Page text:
Sunday, February 24, 2013

Saturday Sept 1 I agree to canvass with Primo

The last thing I want to do on a Saturday afternoon is go door to door, asking people to vote for my husband. But I promised Primo I would do it.

He emailed me the script he and Samantha had come up with. I didn't even read all the way to the end before I said, "What is this? This is a big fat lie. I am not going to say this.

Primo: What?

Me: That you would run as an independent if you could.

Primo: Samantha says I have to say it to get elected.

Me: But it's a lie. I am not going to say that. You have never ever ever since I have known you said anything remotely like that. Why does she want you to say that?

Primo: To appeal to the Stripes.

Me: Why do you need to lie to appeal to them?

Primo: Because they won't vote for me if they know I'm a Polka Dot.

Me: Wait. Are you saying you don't think there is a single issue where you and a Stripe can agree?

Primo: This is what Samantha and the new guy are telling me - that I have to change my messaging to appeal to Stripes.

Me: It's one thing to change your messaging, it's another thing to lie. This is crap. I can't believe you can't find the issues. Let me ask you - what are you going to say if a Stripe asks where you stand on voter ID? On unions? On the mining bill? On jobs?

Primo: I don't know. I need to figure that out.

Me: You can't lie. You cannot lie just to get elected. If you lie to get elected and then do other than what you said, you will not have problems with just the voters, you will have problems with me.

Primo: So what am I supposed to say?

We hashed it out. Think of this part as equivalent to the cat and the dog fighting in the cartoons, where all you see is a big cloud of dust with an occasional head or foot emerging.

Abortion! State university system! Public schools! Unions! Voter ID!

We argued and argued and argued.

But I teased some answers out of him. Answers I could live with. "If you can't win this honestly, then you shouldn't win this at all," I told him.

I sat at the computer and wrote a new statement for the script:

Primo is running as a Polka Dot, but he thinks the libertarians get it right on several issues. Although his positions align more with the PDs than with Stripes, he does not follow in lockstep with the PD establishment. As an engineer, he sees himself as a problem-solver and is accustomed to analyzing each issue on its merits. Moreover, he thinks that the main responsibility of a legislator is to represent the interests of constituents, not to advance a personal agenda. Primo is married to a Stripe/libertarian and is used to striking compromises every day.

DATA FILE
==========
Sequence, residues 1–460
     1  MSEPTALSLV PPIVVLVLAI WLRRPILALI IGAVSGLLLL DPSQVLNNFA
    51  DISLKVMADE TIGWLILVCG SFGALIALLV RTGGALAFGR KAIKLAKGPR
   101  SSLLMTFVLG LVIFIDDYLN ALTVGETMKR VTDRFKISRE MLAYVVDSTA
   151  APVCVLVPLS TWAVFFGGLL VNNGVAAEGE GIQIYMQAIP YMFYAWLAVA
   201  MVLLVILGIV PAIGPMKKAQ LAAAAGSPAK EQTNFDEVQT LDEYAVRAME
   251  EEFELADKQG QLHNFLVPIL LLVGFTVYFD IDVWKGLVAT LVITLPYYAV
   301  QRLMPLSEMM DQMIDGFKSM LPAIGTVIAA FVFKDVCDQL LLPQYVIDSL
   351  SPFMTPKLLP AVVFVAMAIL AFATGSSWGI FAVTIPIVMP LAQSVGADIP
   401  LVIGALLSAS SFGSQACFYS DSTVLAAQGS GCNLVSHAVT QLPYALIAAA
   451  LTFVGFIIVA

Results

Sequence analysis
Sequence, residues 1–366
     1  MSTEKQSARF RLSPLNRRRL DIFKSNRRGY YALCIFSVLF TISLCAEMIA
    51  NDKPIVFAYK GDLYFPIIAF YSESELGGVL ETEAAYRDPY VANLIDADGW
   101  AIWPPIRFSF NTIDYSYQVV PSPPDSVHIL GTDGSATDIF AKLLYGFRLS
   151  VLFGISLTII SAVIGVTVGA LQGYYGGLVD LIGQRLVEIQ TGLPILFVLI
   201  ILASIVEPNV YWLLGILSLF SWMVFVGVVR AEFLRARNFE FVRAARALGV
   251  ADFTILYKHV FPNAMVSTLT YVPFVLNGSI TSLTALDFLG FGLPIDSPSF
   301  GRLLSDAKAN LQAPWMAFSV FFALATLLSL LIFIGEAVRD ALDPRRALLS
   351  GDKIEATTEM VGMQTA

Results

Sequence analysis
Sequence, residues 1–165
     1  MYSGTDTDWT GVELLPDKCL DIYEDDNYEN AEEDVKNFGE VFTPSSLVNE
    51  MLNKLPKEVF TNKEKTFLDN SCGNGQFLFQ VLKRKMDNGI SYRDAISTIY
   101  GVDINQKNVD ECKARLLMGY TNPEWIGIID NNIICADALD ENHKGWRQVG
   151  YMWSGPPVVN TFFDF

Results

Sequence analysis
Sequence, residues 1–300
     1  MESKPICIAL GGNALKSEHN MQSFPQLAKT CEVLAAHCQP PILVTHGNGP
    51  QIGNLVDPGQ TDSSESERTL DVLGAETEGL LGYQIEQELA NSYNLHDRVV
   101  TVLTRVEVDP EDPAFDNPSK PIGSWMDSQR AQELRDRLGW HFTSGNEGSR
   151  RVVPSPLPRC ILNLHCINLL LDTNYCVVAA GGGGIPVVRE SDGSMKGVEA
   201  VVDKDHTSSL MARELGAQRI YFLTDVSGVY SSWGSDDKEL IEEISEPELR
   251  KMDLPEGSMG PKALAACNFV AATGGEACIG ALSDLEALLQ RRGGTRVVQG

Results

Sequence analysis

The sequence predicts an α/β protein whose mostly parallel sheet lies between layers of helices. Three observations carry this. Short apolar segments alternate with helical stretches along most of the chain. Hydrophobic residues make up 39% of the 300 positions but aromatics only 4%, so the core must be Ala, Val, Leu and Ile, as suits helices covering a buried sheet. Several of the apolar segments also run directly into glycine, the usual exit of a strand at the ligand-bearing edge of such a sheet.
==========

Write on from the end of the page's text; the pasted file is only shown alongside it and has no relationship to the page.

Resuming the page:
Me: Take a look at this. What do you think?

He read it. Thought. "Yeah. That's better. That's a lot better.

Me: Why isn't Samantha doing this? For what we are paying her, she should be helping you develop this kind of message.

Primo: I have been kind of depressed since my meeting with her yesterday. I think it's what you said: that she wants me to be who I'm not. I can't do that.

Me: Of course you can't. You can't run as who you are not. You have to run as who you are - you have to be truthful. But you also have to find where your beliefs overlap the interests of your constituents. The purpose of your being elected is not for you to advance your own agenda - it's for you to represent everyone.

2 comments:

  1. I agree with what you said to Primo - in an Ideal World! Unfortunately, the only time most politicians spout about serving the people and working for their constituents is when they need something from those people - usually, a vote. Honesty is a great thing to aim for, but it's usually one of the first casualties.

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    Replies
    1. I agree. I am not a fan of most politicians. I think it is pretty hard to go into the system and not be corrupted. I don't know why anyone would want to do it.

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